H. Henry Guo

Publication Details

  • Protein tolerance to random amino acid change PROCEEDINGS OF THE NATIONAL ACADEMY OF SCIENCES OF THE UNITED STATES OF AMERICA GUO, H. H., Choe, J., Loeb, L. A. 2004; 101 (25): 9205-9210

    Abstract:

    Mutagenesis of protein-encoding sequences occurs ubiquitously; it enables evolution, accumulates during aging, and is associated with disease. Many biotechnological methods exploit random mutations to evolve novel proteins. To quantitate protein tolerance to random change, it is vital to understand the probability that a random amino acid replacement will lead to a protein's functional inactivation. We define this probability as the "x factor." Here, we develop a broadly applicable approach to calculate x factors and demonstrate this method using the human DNA repair enzyme 3-methyladenine DNA glycosylase (AAG). Three gene-wide mutagenesis libraries were created, each with 10(5) diversity and averaging 2.2, 4.6, and 6.2 random amino acid changes per mutant. After determining the percentage of functional mutants in each library using high-stringency selection (>19,000-fold), the x factor was found to be 34% +/- 6%. Remarkably, reanalysis of data from studies of diverse proteins reveals similar inactivation probabilities. To delineate the nature of tolerated amino acid substitutions, we sequenced 244 surviving AAG mutants. The 920 tolerated substitutions were characterized by substitutability index and mapped onto the AAG primary, secondary, and known tertiary structures. Evolutionarily conserved residues show low substitutability indices. In AAG, beta strands are on average less substitutable than alpha helices; and surface loops that are not involved in DNA binding are the most substitutable. Our results are relevant to such diverse topics as applied molecular evolution, the rate of introduction of deleterious alleles into genomes in evolutionary history, and organisms' tolerance of mutational burden.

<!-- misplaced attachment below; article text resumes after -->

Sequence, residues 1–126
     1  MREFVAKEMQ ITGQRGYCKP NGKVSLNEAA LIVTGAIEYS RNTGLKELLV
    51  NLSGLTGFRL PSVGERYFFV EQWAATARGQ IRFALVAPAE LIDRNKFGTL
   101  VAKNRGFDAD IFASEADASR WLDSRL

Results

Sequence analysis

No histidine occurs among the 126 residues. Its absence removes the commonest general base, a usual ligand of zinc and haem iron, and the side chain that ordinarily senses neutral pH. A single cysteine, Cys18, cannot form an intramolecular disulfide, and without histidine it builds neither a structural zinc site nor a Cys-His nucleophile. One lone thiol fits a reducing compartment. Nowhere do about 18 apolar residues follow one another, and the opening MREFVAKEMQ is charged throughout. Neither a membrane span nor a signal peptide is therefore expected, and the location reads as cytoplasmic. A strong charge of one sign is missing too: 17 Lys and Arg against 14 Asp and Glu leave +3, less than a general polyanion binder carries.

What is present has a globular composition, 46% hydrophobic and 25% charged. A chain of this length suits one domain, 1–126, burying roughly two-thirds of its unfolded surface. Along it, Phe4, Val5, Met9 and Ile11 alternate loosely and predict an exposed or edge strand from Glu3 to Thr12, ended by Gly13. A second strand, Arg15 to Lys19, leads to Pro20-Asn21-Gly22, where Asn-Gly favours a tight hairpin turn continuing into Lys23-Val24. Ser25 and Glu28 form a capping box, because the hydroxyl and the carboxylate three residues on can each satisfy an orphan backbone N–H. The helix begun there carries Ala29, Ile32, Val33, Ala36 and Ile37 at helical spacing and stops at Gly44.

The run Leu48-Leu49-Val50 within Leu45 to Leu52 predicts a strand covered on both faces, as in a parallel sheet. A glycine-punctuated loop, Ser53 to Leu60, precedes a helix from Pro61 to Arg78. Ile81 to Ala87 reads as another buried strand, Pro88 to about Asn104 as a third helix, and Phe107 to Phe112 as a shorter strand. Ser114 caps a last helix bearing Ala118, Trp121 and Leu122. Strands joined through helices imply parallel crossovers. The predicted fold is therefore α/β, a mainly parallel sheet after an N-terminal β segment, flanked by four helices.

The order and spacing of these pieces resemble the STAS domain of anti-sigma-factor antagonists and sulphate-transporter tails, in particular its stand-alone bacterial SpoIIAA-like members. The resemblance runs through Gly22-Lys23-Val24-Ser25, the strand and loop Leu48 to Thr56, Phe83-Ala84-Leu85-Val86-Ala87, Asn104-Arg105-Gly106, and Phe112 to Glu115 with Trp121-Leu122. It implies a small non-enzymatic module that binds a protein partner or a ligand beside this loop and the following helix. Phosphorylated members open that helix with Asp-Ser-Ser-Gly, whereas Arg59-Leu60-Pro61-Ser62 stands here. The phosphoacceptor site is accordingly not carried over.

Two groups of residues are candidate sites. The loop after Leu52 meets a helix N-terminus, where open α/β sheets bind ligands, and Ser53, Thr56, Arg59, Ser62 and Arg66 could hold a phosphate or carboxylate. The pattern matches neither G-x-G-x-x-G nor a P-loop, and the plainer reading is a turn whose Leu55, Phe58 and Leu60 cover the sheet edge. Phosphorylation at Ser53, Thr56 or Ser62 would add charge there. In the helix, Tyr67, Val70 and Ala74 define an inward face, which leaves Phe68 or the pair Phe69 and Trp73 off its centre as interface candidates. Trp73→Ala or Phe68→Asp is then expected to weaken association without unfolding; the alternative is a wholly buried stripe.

View details for DOI 10.1073/pnas.0403255101

    View details for Web of Science ID 000222278600009

    View details for PubMedID 15197260

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